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Note 1 ‘Large Screens and the transnational public sphere’, Australian Research Council Linkage project, LP0989302, Chief Investigators, Nikos Papastergiadis, Sean Cubitt, Scott McQuire, Ross Gibson, Audrey Yue, Partner Investigator Doouen Choi Art Center Nabi, Cecelia Cmielewski, Australia Council of the Arts.

Bibliography Appadurai, A., Modernity at Large. Minneapolis: University of Minnesota Press, 1996. Appiah, K., Cosmopolitanism. New York: W.W. Norton & Co, 2006. Balibar, E., ‘On Universalism in debate with Alain Badiou’ (2007). Translated by Mary O’Neill. Online: http://eipcp.net/transversal/0607/balibar/en (accessed 22 May 2014). Birnbaum, D., The Hospitality of Presence: Problems of Otherness in Husserl’s Phenomenology. New York: Sternberg Press, 2008. Burgin, V., The End of Art Theory. London: MacMillan, 1986. Castoriadis, C., World in Fragments. Edited and translated by David A. Curtis. Stanford, CA: Stanford University Press, 1997a. —— The Castoriadis Reader. Translated by David Ames Curtis. Oxford: Blackwell, 1997b. —— The Imaginary Institution of Society. Translated by Kathleen Blamey. Cambridge: Polity Press, 1997c. Chaudhuri, A., ‘Cosmopolitanism’s Alien Face’, New Left Review 55 (Jan.–Feb. 2008). Cheetham, M., ‘Theory reception: Panofsky, Kant, and disciplinary cosmopolitanism’ (2009), Journal of Art Historiography 1, Page / record No.: 1-KJ/3. Online: http://www.doaj.org/doaj?func=openurl&genre=journal&issn=20424752& volume=1&issue=&date=2009 (accessed 15 December 2010). Clark, T. J., Image of the People, Gustave Courbet and the 1848 Revolution. Princeton, NJ: Princeton University Press, 1982. Danto, A., Beyond the Brillo Box: The Visual Arts in Post Historical Perspective. New York: Farrar, Strauss and Giroux, 1992. Delanty, G., The Cosmopolitan Imagination. Cambridge: Cambridge University Press, 2009. Enwezor, O., ‘Documentary / Verite: Bio-Politics, Human Rights and the Figure of “Truth” in Contemporary Art’, Australian and New Zealand Journal of Art 4/5:1 (2004): 11–42. Ferguson B. and M. Hoegsberg, ‘Talking and Thinking about Biennials: The Potential of Discursivity’, in Elena Filipovic, Marieke Van Hal and Solveig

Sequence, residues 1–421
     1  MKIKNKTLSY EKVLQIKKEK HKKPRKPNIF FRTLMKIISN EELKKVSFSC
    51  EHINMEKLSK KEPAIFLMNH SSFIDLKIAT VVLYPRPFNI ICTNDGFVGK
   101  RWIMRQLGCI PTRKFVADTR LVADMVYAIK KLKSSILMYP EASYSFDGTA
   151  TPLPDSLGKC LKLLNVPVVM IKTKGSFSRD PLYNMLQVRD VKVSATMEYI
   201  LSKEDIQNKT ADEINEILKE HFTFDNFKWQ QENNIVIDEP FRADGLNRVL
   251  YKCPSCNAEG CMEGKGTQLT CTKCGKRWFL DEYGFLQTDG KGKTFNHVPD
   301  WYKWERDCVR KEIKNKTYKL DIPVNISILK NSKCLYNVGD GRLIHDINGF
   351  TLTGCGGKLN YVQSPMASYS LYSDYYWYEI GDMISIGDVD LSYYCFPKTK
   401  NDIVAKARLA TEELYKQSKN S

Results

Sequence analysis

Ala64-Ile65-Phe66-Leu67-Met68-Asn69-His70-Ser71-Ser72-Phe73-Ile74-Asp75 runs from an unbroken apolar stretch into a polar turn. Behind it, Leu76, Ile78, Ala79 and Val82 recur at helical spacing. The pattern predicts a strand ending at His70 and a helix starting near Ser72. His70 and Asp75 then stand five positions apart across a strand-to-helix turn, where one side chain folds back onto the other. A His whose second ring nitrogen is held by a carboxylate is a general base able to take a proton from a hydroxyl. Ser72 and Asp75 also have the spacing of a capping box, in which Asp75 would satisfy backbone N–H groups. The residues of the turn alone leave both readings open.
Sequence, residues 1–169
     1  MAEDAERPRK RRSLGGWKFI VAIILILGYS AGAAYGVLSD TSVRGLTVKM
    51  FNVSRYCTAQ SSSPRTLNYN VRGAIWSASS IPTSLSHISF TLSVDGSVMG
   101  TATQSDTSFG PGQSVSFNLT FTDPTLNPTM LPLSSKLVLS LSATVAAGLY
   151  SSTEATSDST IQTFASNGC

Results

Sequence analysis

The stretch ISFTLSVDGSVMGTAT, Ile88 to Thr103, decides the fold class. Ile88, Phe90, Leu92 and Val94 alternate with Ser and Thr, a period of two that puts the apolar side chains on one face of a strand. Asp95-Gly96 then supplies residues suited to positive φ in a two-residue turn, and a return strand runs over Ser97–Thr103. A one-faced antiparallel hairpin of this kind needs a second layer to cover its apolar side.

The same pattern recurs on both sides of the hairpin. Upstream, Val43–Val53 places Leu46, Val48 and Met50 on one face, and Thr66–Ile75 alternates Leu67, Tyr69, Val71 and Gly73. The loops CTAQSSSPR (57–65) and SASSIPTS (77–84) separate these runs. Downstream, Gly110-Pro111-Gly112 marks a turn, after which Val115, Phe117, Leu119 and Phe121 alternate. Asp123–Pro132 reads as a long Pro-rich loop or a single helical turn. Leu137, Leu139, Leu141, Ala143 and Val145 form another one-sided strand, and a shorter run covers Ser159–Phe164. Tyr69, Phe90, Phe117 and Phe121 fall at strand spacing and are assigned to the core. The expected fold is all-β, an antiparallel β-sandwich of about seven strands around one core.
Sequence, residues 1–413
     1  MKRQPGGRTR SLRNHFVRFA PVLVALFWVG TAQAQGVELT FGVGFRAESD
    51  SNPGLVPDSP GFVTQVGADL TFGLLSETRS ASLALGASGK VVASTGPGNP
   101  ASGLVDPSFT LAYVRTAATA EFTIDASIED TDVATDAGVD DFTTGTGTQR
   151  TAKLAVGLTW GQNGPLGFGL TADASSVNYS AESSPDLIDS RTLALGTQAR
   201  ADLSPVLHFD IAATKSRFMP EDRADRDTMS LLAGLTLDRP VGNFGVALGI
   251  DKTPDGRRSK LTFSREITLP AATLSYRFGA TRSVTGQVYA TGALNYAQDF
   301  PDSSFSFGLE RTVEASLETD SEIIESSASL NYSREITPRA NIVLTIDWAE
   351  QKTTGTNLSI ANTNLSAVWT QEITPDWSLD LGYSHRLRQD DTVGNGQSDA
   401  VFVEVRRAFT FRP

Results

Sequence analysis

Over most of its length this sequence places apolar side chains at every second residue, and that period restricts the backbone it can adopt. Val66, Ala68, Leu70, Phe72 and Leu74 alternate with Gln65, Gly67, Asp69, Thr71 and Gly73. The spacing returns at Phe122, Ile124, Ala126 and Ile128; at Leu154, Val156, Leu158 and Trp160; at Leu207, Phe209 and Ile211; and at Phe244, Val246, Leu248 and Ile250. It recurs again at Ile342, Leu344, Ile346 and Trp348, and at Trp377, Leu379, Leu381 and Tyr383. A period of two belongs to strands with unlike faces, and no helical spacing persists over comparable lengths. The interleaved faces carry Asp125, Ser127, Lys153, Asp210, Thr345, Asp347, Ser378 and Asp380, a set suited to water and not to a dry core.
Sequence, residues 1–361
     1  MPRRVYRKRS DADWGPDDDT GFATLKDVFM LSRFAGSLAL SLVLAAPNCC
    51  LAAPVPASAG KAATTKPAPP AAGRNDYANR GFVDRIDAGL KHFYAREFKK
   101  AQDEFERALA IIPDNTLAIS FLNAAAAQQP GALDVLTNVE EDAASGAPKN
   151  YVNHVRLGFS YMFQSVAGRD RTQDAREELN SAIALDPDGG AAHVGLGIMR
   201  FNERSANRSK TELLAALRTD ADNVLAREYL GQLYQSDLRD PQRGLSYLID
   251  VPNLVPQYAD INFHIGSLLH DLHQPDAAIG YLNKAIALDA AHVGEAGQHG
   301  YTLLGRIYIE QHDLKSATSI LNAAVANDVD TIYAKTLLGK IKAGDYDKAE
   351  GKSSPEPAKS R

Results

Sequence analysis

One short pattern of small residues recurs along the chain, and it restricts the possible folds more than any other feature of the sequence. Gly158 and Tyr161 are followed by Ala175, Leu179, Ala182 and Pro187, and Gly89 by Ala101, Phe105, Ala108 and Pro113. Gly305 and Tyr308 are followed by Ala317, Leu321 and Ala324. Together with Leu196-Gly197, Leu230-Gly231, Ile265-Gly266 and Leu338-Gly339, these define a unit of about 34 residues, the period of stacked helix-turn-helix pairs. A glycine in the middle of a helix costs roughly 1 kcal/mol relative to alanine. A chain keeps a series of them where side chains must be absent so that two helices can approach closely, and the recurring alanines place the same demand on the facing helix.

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Ovstebo (eds), The Biennial Reader. Bergen: Bergen Kunsthall and Hatje Cantz, 2010. Gillick, L., Renovation Filter: Recent Past and Near Future. Bristol: Arnolfini Gallery Publications, 2000. —— ‘Is there anything for art to say about Iraq?’ (2007). Online: http://www. guardian.co.uk/artanddesign/artblog/2007/may/22/isthereanythingforarttosay (accessed 10 March 2009). —— ‘Contemporary art does not account for that which is taking place’ (2010). Online: http://e-flux.com/journal/view/192 (accessed 20 December 2010). Hsu, M., ‘Networked Cosmopolitanism on Cultural Exchange and International Exhibitions’, in N. Tsoutas (ed.), Knowledge + Dialogue + Exchange: Remapping Cultural Globalism from the South. Sydney: Artspace, 2005. Kant, I., Idea for a Universal History with a Cosmopolitan Intent, in Perpetual Peace and Other Essays. Edited by T. Humphrey. Indianopolis, IN: Hackett, 1983. Kearney, R., The Wake of the Imagination, Minneapolis: University of Minnesota Press, 1988. Liew, F., In Between Spaces and Beyond Border. Malmö: Malmö Kunsthall, 2005. Lutticken, S., Idols of the Market. New York: Sternberg Press, 2009. Memos, T., The Exiles of Marcel Duchamp. London: MIT Press, 2007. Meskimmon, M., Contemporary Art and the Cosmopolitan Imagination. London: Routledge, 2011. Mitter, P. and K. Mercer, ‘Reflections on Modern Art and National Identity in Colonial India’, in K. Mercer (ed.), Cosmopolitan Modernism. London: INIVA and MIT Press, 2005. Mouffe, C., ‘Politics and Artistic Practices in Post-Utopian Times’, in M. Szewczyk (ed.), Meaning Liam Gillick. London: MIT Press, 2009. Neshat, S. quoted in Chin Tao Wu, ‘Worlds Apart: Problems of Interpreting Globalized Art’, Third Text 21:6 (2007): 719–31. Oestreich, G., Neostocism and the Early Modern State. Edited by B. Oestreich and H. G. Koenigsberger. Translated by D. Mclintock. Cambridge: Cambridge University Press, 1982. Papastergiadis, N., ‘The Radiant Paradox of Park Seo-Bo’, in Kim Bora (ed.), Playing with Color. Gyeonggido Museum of Art, 2007, pp. 58–68. —— and M. Martin, ‘Art Biennales and cities as platforms for global dialogue’, in L. Giorgi, M. Sassatelli and G. Delanty (eds), Festivals and the Cultural Public Sphere. New York: Routledge, 2011, pp. 45–62. —— et al., ‘Mega Screens for Mega Cities’, Theory, Culture & Society 30:7/8 (2013): 244–60. Plutarch, Moralia, Vol. vii. Loeb Classical Editions. Cambridge, MA: Harvard University Press, 1959, pp. 513–57.